How do you create the future you want? Look to the past. As American outdoorsmen we must learn from our past to protect future generation’s right to hunt, fish, trap, and enjoy the outdoors.
Nothing lasts forever. The world and its inhabitants are constantly shaping and shifting through time under force of pressure. Our current moment of self-absorbed glory is a flash in the pan of history. Life today is much different than it was 50 years ago, and will be even more different in another 50 years. If history teaches one lesson, this is it.
Not that this little bit of philosophy is news to anybody. We notice it all the time. We reminisce about how simple and pure life was back in the good old days. We talk about the transformations that occurred during our grandparent’s era, from automobiles to the Internet. As we grow older we can look back on our own lives and identify moments of change and realize we are not who we were in our youth.
With that being said, why do we constantly act as if everything we love and cherish in the current moment will last forever? Like somehow time will suddenly stop and all the good things in life will last to eternity. Our moments of apathy can be dangerous, if not disastrous, for ourselves and future generations. One issue we cannot afford to ignore is the fragile situation of our public lands in America.
Public land in America is the greatest gem of the common man. When our forefathers set aside huge tracts of land in this country, they did so out of the conviction that although America is a land where the sweat of your brow determines your destination, some things are too grand for the private enjoyment of the few.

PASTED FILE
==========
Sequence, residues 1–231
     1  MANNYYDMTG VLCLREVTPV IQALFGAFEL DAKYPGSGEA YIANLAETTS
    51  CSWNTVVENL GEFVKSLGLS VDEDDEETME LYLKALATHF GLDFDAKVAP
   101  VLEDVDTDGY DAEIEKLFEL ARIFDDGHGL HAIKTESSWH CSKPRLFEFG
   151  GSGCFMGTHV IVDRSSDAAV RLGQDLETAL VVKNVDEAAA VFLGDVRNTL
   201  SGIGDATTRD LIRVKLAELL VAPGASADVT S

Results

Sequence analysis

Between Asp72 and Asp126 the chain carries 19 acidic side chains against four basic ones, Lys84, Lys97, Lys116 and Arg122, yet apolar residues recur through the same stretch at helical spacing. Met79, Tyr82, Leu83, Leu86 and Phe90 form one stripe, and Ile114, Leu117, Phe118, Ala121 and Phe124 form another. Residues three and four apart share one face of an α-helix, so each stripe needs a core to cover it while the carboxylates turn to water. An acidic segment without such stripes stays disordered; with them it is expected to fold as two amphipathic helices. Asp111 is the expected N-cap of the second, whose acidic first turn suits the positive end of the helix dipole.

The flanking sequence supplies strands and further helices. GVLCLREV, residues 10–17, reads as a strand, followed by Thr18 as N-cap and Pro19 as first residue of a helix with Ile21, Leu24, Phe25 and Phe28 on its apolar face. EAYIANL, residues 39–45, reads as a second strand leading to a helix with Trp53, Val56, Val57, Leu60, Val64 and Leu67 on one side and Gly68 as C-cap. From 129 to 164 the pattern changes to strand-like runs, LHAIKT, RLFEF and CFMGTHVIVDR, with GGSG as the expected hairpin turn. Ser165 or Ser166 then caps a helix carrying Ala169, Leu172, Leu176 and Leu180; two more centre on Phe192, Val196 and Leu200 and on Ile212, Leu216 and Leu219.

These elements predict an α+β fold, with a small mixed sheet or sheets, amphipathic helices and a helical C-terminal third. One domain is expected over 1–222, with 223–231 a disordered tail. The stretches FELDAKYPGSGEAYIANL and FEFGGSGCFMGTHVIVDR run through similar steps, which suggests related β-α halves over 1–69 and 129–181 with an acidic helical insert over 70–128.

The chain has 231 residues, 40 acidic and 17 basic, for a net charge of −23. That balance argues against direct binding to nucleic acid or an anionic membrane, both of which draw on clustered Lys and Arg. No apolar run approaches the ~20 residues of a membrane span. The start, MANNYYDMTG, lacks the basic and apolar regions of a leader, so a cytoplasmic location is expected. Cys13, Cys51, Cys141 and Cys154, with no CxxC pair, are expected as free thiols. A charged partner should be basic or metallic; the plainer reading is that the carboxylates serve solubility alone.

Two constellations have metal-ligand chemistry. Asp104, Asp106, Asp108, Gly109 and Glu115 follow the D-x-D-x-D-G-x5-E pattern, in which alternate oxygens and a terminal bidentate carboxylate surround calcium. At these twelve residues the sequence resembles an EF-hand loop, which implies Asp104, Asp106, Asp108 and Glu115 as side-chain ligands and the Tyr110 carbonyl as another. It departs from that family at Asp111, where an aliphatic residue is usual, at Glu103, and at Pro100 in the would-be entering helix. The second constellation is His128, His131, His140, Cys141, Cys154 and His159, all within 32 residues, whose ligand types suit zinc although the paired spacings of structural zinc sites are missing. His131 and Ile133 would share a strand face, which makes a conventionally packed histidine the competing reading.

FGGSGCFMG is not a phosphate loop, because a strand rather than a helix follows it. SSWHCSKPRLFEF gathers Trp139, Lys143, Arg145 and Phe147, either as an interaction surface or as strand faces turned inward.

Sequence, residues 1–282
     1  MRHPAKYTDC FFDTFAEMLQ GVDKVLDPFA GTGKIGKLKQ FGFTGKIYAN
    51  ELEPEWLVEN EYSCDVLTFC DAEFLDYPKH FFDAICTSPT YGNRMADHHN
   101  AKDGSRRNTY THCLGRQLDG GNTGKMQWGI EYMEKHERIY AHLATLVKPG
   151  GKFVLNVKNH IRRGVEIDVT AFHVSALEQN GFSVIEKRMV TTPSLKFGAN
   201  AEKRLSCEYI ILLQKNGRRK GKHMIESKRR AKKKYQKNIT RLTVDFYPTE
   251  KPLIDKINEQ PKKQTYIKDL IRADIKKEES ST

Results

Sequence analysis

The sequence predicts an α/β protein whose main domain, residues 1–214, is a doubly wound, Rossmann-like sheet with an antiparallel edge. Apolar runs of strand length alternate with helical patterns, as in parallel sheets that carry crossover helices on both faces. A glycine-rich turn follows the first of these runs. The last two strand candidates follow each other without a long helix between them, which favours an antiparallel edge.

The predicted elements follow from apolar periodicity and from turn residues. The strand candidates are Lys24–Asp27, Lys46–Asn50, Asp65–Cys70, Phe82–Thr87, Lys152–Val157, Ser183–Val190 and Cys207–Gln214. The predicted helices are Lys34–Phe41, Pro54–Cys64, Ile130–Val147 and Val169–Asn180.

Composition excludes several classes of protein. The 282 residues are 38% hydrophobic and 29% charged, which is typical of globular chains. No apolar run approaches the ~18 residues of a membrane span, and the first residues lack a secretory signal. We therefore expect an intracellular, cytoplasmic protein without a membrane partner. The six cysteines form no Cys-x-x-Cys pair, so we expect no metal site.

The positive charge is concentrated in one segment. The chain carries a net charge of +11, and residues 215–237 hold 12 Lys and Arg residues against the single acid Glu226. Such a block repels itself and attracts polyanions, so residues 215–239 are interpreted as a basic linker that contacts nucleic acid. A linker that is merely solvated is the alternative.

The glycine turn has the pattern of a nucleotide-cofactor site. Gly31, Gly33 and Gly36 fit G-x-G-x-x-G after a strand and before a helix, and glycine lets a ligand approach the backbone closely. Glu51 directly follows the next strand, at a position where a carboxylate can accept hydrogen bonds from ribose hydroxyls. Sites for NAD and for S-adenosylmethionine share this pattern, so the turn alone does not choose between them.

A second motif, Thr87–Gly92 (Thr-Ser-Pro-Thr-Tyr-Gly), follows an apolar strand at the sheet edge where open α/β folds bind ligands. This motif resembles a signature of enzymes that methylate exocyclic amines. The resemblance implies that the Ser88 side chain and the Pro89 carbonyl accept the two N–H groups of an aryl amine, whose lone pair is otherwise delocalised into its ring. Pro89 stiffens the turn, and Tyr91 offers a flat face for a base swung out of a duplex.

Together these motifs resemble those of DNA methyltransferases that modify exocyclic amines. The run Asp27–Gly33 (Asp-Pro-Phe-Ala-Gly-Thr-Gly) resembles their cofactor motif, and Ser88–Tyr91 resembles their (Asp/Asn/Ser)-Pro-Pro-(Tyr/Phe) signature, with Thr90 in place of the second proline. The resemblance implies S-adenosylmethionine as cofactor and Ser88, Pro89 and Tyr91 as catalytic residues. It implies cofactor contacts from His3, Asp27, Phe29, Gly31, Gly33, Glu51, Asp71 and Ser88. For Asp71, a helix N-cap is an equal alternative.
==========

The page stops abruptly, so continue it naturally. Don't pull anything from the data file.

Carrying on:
They understood their history and knew that Europe had long been a continent where a few wealthy citizens had privilege to use their forested lands, while the vast majority of common men had no access at all. If you recall the tale of Robin Hood, you’ll remember he was initially accosted for shooting “the king’s deer.”
Is that an America you want?
Right now in the United States Congress there is a large body of politicians who want to sell off public lands out of budget concerns. Seriously, budget concerns? The current federal expenditure doesn’t even show up as a blip on the overall federal budget. With the way our bureaucracy functions today, it’s likely savings could be made by simply reevaluating the structure of the departments that oversee land management.
Another scary bit is how certain politicians see the issue. One prominent politician Rand Paul says, “State ownership would be better, but even better would be private ownership.”
If you are an average Joe like myself, and have even taken a passing glance at the price of hunting leases and properties, you realize why the government should own so many acres of public lands. Common folks will no longer have access to places to hunt and fish without this.
Another thing to realize is that we own the land, why would we sell it? Why would common men and women who love to get out and experience the wild places of America sell off these places only to see them skyrocket to prices they couldn’t possibly afford in two lifetimes.
As American outdoorsmen it is imperative we do not sit back idly and think our public lands will always be sitting and waiting for us. We must realize the gift we have been given by previous generations and work to preserve it for the upcoming and unborn generation of outdoorsmen.
I can guarantee you one thing: if public lands are sold they are gone forever.
Why are public lands important to preserve? Without them average guys and gals won’t be able to enjoy our beautiful country. Our hunting, fishing, and camping traditions will erode to the point where we cannot fully enjoy them. Part of the American heritage will be lost, and the idea that some places are too precious to lock up will be a thing of the past.
Take the time to contact your representative in the House or Senate to let them know you don’t want your public lands sold. That is unless you want your children and grandchildren to grow up hoping for a chance at “the king’s deer.”
Photos via Cody Assman